10. Broccoli Sprout Extract in Treating Patients With Breast Cancer

    ClinicalTrials.gov

    2016-08-16

    Ductal Breast Carcinoma; Ductal Breast Carcinoma In Situ; Estrogen Receptor Negative; Estrogen Receptor Positive; Invasive Breast Carcinoma; Lobular Breast Carcinoma; Postmenopausal; Stage IA Breast Cancer; Stage IB Breast Cancer; Stage IIA Breast Cancer; Stage IIB Breast Cancer

  11. Breast cancer and protein biomarkers

    PubMed Central

    Gam, Lay-Harn

    2012-01-01

    Breast cancer is a healthcare concern of women worldwide. Despite procedures being available for diagnosis, prognosis and treatment of breast cancer, researchers are working intensively on the disease in order to improve the life quality of breast cancer patients. At present, there is no single treatment known to bring a definite cure for breast cancer. One of the possible solutions for combating breast cancer is through identification of reliable protein biomarkers that can be effectively used for early detection, prognosis and treatments of the cancer. Therefore, the task of identification of biomarkers for breast cancer has become the focus of many researchers worldwide. PMID:24520539

  12. Breast Cancer Surgery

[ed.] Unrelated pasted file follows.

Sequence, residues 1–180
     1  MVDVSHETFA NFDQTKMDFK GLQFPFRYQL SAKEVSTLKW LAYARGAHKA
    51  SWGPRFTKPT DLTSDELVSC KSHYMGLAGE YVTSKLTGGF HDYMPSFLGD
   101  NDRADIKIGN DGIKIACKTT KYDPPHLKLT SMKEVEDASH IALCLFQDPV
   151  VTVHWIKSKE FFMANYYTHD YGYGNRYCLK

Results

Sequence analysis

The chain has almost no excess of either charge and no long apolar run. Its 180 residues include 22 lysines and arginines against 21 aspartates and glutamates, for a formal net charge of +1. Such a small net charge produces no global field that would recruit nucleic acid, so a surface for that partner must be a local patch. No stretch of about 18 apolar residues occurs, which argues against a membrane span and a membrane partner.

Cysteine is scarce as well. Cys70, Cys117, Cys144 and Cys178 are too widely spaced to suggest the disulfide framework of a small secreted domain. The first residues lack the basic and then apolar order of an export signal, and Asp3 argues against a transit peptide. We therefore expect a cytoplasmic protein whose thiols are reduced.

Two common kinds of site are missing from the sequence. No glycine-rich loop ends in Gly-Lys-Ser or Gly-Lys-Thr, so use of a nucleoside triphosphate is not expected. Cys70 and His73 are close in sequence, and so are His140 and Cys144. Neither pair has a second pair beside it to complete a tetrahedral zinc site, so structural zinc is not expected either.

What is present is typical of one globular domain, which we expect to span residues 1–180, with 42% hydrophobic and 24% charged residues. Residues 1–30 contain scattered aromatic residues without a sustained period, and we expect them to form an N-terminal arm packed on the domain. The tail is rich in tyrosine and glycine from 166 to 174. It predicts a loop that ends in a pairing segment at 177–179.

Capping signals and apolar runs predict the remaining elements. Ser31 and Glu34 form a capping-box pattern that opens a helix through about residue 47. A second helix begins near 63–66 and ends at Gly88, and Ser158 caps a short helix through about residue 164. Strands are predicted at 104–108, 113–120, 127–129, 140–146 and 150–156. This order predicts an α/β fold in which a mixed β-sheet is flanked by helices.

MedlinePlus

    ... therapy and targeted therapy. This helps to increase survival. Types of breast cancer surgery There are two main types of breast ... shown lumpectomy plus radiation offers the same overall survival benefit as mastectomy for early ... (almost always followed by radiation): The surgeon ...

  13. Angiogenesis Factors Involved in the Pathogenesis of Colorectal Cancer

    PubMed Central

    MIHALACHE, A.; ROGOVEANU, I.

    2014-01-01

    Colorectal cancer stands at the top of oncologic pathology in the world, and in the same measure in Romania because is the third most frequent cancer diagnosed in men and women. Colorectal cancer develops as a result of mutations in genes that control proliferation and cell death. It was established that in the development of a tumor there is originally a prevascular phase followed by a phase of tumor angiogenesis. In the future it is necessary to develop new clinical protocols that angiogenesis inhibitors are associated with chemo or radiotherapy, conventional or other methods such as immunotherapy and gene therapy. PMID:24791198

  14. Printing Cancer Cells into Intact Microvascular Networks: A Model for Investigating Cancer Cell Dynamics during Angiogenesis

    PubMed Central

    Phamduy, Theresa B.; Sweat, Richard S.; Azimi, Mohammad S.; Burow, Matthew E.; Murfee, Walter L.; Chrisey, Douglas B.

    2016-01-01